Category Archives: track bike
I’m so stoked for our friends at MASH and the SF community. I wish I could be there to celebrate! Here are all the details:
“Please join us Saturday, September 12th, 2015 to celebrate the world premiere of our new video project. We have set up a fun weekend in San Francisco, we hope you can join us.
ALLEYCAT: 5:00PM at MASH 284 Sanchez Street, SF CA
ART SHOW: Doors open at 5:00PM at The Lab. 2948 16th Street, SF CA
VIDEO PREMIERE: 8:00PM at The Victoria Theater, 2961 16th Street, SF CA
Group RIDE at MASH Sunday September 13th, 1:00PM
Please look for updates on how you can get tickets to the screening in the coming weeks.
Look for updates with stops in Las Vegas September 17th, London September 26th, Berlin September 29th, Tokyo October 17th, Seoul October 21st 2015
Thank you to our friends for the generosity and who have helped make this possible: @vans, @oakley, @oakleybike, @cinelli_official, @girocycling, @clifbarcompany, @sellesanmarco, @kryptonitelock, @castellicycling”
Factory Five’s latest addition to their track bike line is the Stream, a performance minded machine made from 6061 aluminum and shaped to their custom specifications. The Stream comes in four colors and three sizes. Head over to Factory Five to see pricing and availability.
One of the main requests AARN receives from his track chainrings is a 51t track ring. Well, guess what? They’re in stock now. Head over to AARN to swoop one up.
In the world of track crits, like Red Hook Crit and this weekend’s Wolf Pack Hustle’s Civic Center Crit, racers quickly realize that a standard track bike might have its limitations.
Let’s look at what a track bike is designed for: all left turns on a banked velodrome, with walls around 45º steep for a 250m track.
These crits however are completely different. For starters, the amount of people racing is almost three times what a miss-n-out or win-in-out would have competing. There are both right and left turns, yet no banked walls. In road criterium racing, you can coast through the corners and rail all the turns. With a track bike you need to pedal all the time.
That’s where Marc’s one-off comes into play. He and Andrew from Low Bicycles discussed options for a bike that was bred from the conditions of track crits. How is it different? Well, in all things related to bike design, a few millimeters here or there can make a huge difference. The bottom bracket is higher, to make for more crank clearance in the turns and the wheelbase is a bit longer to make it easier to hit those turns at speed.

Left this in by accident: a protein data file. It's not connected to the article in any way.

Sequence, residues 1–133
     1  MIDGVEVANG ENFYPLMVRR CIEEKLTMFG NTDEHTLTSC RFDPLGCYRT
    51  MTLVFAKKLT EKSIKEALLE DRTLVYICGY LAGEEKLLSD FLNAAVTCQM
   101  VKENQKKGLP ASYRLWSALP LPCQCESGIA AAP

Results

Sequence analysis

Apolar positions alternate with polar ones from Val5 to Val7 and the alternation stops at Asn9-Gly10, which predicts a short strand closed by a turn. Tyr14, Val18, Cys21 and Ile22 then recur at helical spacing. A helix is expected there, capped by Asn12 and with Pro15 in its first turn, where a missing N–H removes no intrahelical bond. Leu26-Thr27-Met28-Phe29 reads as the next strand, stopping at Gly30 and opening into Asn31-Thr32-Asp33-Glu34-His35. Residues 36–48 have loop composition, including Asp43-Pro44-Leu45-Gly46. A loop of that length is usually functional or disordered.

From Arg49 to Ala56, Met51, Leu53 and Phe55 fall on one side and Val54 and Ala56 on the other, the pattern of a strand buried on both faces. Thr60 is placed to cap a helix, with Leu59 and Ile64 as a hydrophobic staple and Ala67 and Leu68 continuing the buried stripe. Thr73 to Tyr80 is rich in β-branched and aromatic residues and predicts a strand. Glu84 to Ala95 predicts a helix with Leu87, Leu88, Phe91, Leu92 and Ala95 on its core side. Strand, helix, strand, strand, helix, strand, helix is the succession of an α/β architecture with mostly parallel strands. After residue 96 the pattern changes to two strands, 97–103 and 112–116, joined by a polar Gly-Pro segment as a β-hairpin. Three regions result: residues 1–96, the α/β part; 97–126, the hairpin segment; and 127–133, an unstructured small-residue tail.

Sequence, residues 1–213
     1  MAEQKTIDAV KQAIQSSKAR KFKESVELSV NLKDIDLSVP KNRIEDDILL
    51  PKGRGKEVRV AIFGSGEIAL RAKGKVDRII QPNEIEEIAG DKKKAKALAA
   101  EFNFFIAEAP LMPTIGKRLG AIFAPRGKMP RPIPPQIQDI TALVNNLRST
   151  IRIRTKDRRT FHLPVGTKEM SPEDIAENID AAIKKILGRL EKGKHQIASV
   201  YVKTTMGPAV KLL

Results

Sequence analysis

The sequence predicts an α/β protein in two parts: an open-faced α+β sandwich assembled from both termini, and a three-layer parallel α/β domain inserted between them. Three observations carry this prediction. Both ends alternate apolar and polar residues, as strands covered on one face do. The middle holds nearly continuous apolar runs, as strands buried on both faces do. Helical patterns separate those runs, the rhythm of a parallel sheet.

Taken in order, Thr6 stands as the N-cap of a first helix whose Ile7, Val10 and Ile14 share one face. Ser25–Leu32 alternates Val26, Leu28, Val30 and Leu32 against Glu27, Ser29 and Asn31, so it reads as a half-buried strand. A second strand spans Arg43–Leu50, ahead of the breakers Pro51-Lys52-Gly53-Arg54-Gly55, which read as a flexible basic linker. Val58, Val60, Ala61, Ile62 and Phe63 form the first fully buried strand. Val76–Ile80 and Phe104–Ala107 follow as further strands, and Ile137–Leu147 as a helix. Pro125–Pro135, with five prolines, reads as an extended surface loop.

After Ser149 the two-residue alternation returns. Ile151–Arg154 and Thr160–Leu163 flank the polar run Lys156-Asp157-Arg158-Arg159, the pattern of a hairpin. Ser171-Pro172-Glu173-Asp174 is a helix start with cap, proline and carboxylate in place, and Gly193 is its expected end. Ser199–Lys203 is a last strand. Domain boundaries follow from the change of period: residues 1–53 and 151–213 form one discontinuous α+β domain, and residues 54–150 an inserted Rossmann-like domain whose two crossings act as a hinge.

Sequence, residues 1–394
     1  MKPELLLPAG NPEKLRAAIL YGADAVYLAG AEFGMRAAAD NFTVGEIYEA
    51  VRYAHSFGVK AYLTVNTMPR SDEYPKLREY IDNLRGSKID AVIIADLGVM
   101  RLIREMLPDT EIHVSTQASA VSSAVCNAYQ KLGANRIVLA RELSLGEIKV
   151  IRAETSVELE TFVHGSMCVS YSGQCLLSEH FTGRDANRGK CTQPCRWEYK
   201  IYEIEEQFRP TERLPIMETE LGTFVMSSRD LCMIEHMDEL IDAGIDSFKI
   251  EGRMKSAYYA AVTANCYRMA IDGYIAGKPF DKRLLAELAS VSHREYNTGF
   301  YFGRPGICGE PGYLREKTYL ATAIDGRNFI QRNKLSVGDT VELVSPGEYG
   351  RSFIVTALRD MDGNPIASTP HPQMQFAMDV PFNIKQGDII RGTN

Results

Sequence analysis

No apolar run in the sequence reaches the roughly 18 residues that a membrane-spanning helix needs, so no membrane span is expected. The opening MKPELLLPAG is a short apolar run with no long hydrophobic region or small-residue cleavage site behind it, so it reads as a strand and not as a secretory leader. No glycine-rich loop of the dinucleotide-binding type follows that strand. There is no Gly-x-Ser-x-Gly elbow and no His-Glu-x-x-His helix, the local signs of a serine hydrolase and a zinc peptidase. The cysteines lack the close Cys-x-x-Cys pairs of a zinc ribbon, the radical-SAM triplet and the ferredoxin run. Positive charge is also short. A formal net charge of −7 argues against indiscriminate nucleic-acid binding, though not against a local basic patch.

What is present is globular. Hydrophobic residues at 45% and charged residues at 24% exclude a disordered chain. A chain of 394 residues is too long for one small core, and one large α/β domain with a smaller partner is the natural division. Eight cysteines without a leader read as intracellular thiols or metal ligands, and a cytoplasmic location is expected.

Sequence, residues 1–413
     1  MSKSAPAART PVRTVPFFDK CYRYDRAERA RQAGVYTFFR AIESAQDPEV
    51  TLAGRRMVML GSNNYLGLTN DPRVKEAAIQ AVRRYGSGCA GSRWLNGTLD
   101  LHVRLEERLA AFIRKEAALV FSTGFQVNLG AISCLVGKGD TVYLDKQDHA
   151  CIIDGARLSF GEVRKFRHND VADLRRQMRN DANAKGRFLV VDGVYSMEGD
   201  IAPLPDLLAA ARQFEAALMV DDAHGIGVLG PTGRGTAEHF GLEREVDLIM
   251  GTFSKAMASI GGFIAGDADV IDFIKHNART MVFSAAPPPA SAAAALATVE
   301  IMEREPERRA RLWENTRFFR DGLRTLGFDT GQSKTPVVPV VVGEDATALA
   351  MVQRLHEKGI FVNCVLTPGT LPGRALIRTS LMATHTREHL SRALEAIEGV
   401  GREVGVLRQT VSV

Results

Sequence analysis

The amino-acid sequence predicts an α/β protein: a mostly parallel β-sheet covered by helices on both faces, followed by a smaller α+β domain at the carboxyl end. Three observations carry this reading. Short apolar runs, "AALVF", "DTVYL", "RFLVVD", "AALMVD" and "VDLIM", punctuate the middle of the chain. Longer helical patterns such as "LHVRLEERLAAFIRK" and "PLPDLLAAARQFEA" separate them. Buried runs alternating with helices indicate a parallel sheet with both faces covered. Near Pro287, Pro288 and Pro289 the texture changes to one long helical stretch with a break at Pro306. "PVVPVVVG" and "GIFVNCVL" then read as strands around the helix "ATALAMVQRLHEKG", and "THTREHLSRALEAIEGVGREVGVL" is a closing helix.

So far Marc has raced three or four crits on it, as well as taking it to Hellyer, the local track to race.
Me, I just think it’s a beautiful fucking machine. Made in San Francisco by Andrew Low, fitted with Ritchey parts and with PAUL wheels made by Fresh Air Bicycles.
If you’re all about track racing and love supporting velodromes like Portland’s Alpenrose then these socks are the perfect way for you to show that love. Head over to Kessler’s Instagram to scoop up a pair and thanks to Kyle from Tracko for the photos!
Photos by Keith Trotta
Chris Bishop’s latest track frame features NOS Nervex lugs and bottom bracket with a modified seat lug, modified Sachs newvex fork crown, Suntour Superb track ends with paint by Keith Anderson. Someone got a dream bike! See more at the Bishop Flickr. I love the brake bridge detail!
Whether you’re into messengering, street fixed gear races or even singlespeed cyclocross, the new Mash Work Frames will fit the bill. Born on the streets and trails of SF, the Work Frame’s versatility is its most shining asset. As Mash’s first steel frame with Cinelli, the Work Frames were born from Chas Christiansen’s idea to have one frame to rule them all. Rather than painting the frames, Mash went with a raw, with a clear powdercoat, which will most definately patina over time with heavy use. These frames are spaced at 100mm and 120mm, with clearances for a 35mm tire and an english threaded bottom bracket.
The Work Frames are in stock now at Mash for $875.
13 brave souls from Hardbreakers rode 1,640 km across Europe from Budapest to Istanbul on fixed gears with vehicle support. Loaded or not, this is not an easy route, as the video illustrates. Looks like a fun ride guys!
One of the most majestic highways gets visited by Mash…
Nice one, Ace!